Other Global Responses to the Conflict about Jyllands-Posten’s Cartoons of the Prophet Muhammed
With violence increasing and the polarization about the Jyllands-Posten Muhammad cartoons controversy becoming greater, it’s easy to agree with Neville Hobson’s statement that this conflict “illustrates a massive cultural and religious divide that is getting wider… with no meeting of minds looking likely at all. If anything, this will probably get worse.”
Fortunately there are dissenting voices, as these excerpts from around the world show.
Lebanon’s Grand Mufti Mohammed Rashid Kabbani denounced the violence and appealed for calm, accusing infiltrators of sowing the dissent to “harm the stability of Lebanon.” Prime Minister Fuad Saniora also urged peaceful protests. “Those who are committing these acts have nothing to do with Islam or with Lebanon,” he said. “This is absolutely not the way we express our opinions.”
From Rantings of a Sandmonkey:
Fully knowing that it is retarded to punish a whole country and its products for what a Newspaper in that country did, I expected someone to start a movement to restore common sense our muslim brothers and demand a stop to the boycott, especially since the Danes have apologized over and over again. Then I figured, shit, why don’t I be that someone?…
So I guess I will start the official local campaign to boycott the boycott, and thanks to the efforts of Roba and Jameed, the campaign now has banners that you can get here, put on your website and show solidarity with Danish people…
In the middle of all the mayhem surrounding the Danish cartoons controversy, a group of Arab and Muslim youth have set up this website to express their honest opinion, as a small attempt to show the world that the images shown of Arab and Muslim anger around the world are not representative of the opinions of all Arabs. We whole-heartedly apologize to the people of Denmark, Norway and all the European Union over the actions of a few, and we completely condemn all forms of vandalism and incitement to violence that the Arab and Muslim world have witnessed. We hope that this sad episode will not tarnish the great friendship that our peoples have fostered over decades.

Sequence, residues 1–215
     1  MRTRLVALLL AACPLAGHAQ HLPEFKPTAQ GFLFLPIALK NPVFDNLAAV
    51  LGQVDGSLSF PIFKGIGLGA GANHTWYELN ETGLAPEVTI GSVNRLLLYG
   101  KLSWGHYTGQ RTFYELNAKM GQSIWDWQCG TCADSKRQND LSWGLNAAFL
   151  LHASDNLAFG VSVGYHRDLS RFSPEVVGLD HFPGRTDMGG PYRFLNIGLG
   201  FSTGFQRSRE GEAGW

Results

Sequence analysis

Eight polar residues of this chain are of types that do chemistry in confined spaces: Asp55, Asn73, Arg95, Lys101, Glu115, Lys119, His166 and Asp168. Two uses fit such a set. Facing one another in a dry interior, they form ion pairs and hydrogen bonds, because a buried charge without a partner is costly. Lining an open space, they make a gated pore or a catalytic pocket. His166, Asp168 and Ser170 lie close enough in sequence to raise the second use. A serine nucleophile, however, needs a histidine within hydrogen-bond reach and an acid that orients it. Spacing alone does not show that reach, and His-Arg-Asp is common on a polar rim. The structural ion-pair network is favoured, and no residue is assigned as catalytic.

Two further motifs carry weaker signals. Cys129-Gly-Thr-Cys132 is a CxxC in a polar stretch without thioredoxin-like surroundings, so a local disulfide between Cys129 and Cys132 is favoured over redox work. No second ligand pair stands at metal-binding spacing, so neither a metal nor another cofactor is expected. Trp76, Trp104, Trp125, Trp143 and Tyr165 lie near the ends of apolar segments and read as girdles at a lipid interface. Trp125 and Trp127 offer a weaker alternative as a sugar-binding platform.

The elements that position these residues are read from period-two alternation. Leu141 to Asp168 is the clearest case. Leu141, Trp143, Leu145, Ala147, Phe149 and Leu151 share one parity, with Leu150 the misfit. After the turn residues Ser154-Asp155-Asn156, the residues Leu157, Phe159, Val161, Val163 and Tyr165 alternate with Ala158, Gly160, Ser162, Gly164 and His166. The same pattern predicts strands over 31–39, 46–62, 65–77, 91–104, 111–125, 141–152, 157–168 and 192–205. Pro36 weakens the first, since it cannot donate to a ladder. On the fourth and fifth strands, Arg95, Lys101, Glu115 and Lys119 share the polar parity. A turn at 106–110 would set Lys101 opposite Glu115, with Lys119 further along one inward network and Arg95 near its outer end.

The problem with media representation of such issues tends to be that the media only picks up the loudest voices, ignoring the rational ones that do not generate as much noise. Voices that seek tolerance, dialogue and understanding are always drowned out by the more sensationalist loud calls, giving viewers the impression that these views are representative of all the Arab public’s view. This website is a modest attempt at redressing this wrong. We would appreciate it if you could forward the word to as many of your friends as possible.
What long-term effects on free speech will this conflict have? We probably won’t know for quite some time. There is possibly a new Europen Union media code of conduct in the works (via EU Rota). And Lee Hopkins points out that, on a lower level, “the whole issue does… introduce fear and loathing in the workplace.”
In the meantime, although there is already some “fight cartoon with cartoon” behavior, as evidenced by the Arab European League’s two cartoons, I’d speculate that for most media, Serge Cornelus’s prediction is right on.